After nine weeks she secured a placement with Hammond and has neither moved nor wanted to move since, spending half her life in Middleham and steadily building and refining the work ethic and brand of teamwork that convinced the judges that here was their champion.
She started at the bottom, fell off on the Low Moor on her first day as permanent staff – “I hadn’t done the girth up tightly enough” – but got back on the horse, on the career curve, worked her way up past travelling head girl and nine years ago settled into the role of assistant.
“I’d love to train in my own right, but the financial issues are so great that I wonder whether I’d really want to put myself in that position – so I feel what I’m doing now is the best of both worlds.
“I get quite a lot of input in so many ways here, Micky likes to involve everyone, he encourages input, makes everyone feel part of the team. The buck stops with him, although it does hit me a few times on the way through! No, really, I’ve got everything I need here.”
If Hogg didn’t come from a racing family she has one now, with her sister Becky head girl at Hammond’s and husband Tim assistant to trainer Jedd O’Keeffe. She reckons they leave the day job on the doorstep to prevent overdoing it unless Tim needs some advice about the female staff at O’Keeffe’s, says it’s nice to have someone who understands the demands of the industry too. If there is a spare moment in the day she devotes it to Deep Water and Memory Cloth (above), the two she’s kept out of the half-dozen or so retirees she carefully rehomes each year, a personal passion and one from which she derives great pleasure.
“Many people could get a lot more out of life by thinking each morning ‘right, I’m going to do this job to the best of my ability’ rather than thinking about the long hours or the pay. There’s so much more to it than that.”
Hogg’s great ability is to maximise the potential of those around her, retired racers and stable staff alike. She says she’s firm but fair, and then spoils the effect by dissolving into laughter.
“What are the secrets? It’s important to be approachable, you don’t want people to think you’re their best friend, but you want them to feel that they can tell you anything in confidence. And you must never put people down for asking questions, because it’s the only way to learn.
“Flexibility is key too – trying different things with horses and with people, working to find out what they’re best at and how they can make the greatest contribution.”
The trappings of celebrity haven’t turned Hogg’s head and aren’t likely to – “This man came up to me in the Co-op in Leyburn, I was so embarrassed. He said ‘Well done, Gemma, my wife says your dress was fabulous’, which was good because Becky picked that dress for me” – but she counts it as an honour to be part of the judging committee for this year’s awards, has enjoyed the process of selecting her successor. She’ll be a hard act to follow, but after this year’s applause has died away and Hogg is no longer in the spotlight, her down-to-earth, pragmatic approach to her role and to herself will always stand her in good stead.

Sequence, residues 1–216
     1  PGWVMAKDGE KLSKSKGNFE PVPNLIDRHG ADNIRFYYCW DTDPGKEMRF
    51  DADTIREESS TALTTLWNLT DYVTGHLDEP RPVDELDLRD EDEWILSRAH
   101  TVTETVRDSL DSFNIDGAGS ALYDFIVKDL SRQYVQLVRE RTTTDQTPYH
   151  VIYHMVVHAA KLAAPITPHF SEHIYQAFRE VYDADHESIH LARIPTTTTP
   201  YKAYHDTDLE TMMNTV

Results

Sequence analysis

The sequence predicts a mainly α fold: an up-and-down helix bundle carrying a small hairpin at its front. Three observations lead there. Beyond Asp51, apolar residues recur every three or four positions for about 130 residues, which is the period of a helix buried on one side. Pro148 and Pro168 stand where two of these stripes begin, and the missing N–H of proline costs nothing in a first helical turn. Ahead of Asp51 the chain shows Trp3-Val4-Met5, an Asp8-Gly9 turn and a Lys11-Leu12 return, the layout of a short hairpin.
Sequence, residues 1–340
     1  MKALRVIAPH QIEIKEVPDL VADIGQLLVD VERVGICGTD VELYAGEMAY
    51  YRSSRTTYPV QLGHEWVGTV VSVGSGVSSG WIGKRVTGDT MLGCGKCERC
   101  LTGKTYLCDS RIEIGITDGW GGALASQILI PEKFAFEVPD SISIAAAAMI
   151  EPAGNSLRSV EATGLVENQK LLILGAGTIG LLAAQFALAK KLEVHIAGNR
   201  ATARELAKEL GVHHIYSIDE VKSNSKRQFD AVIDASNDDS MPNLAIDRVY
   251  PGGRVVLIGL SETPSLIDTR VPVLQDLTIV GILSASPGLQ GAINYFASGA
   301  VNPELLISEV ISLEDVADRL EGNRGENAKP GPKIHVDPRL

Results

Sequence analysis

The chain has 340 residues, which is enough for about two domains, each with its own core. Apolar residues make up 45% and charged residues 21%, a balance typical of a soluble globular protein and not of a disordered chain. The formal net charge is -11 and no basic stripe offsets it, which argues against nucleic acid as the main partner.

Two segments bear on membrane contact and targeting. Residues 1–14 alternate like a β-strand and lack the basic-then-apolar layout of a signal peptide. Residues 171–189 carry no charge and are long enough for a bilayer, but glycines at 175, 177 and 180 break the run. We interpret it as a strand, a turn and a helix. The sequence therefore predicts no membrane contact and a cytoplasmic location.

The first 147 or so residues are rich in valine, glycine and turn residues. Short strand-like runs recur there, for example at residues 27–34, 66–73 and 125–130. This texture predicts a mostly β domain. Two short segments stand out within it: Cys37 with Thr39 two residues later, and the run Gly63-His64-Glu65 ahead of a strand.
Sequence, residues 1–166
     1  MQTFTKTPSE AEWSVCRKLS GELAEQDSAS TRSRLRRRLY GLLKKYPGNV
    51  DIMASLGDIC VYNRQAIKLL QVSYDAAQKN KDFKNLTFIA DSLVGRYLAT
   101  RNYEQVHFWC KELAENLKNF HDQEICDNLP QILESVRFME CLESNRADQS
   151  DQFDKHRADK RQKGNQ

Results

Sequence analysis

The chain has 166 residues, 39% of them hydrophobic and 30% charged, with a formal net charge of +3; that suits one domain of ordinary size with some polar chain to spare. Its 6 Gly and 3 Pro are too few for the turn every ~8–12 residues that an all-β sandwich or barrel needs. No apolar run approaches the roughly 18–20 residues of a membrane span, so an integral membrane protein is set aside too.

“I’ve done some amazing things this year, it’s been fabulous – but the work that’s done in yards all round the country isn’t all about winning awards, that’s just a big bonus.
“Many people could get a lot more out of life by thinking each morning ‘right, I’m going to do this job to the best of my ability’ rather than thinking about the long hours or the pay. There’s so much more to it than that.
“Racing’s been a fabulous way of life for me and I think that so many people could get as much out of it as me. These awards are a good way to boost people but they’re not the most important thing about being in racing.”
It’s the old saw of hard work being its own reward, an adage that could have been written for Hogg. Sometimes, though, it’s nice to know there are other rewards available; Hogg takes another look at the photo of her trophy, and glows with pride.
A day in the life – in Gemma’s own words
I’m up at 5.15, in the yard for 6.10. The first job is the feed, I do that alongside Becky, then muck out if needed to, and then around 6.45 I start organising the work list, a lot goes into that. I try to personalise it, it’s important that horses and riders all get on with each other.
I’m also keeping an eye on the weather – if it’s going to pour down in two days’ time, we can get plenty of work into them today and tomorrow and then not worry about getting wet and cold on the Low Moor later in the week.
First lot pulls out at 7.30 and then the morning takes care of itself over four lots. At about half past nine I go through any declarations with Micky, contact the owners, and then about 11ish I’m talking to owners again as we make the advance entries.
When we have runners, I’ll usually drive the box if Micky’s not going – if he is we’ll go in the car together and I’ll get some admin done on the way, emailing owners, planning entries, making lists. If we don’t have runners, lunch is around one o’clock and evening stables start at 3.30.
If I’m at the track it’s a case of overseeing everything, talking to the owners, making sure everything runs smoothly. Sometimes in the summer it’s very late when we get back home, but there wouldn’t be many times I’m not in early as usual the next day.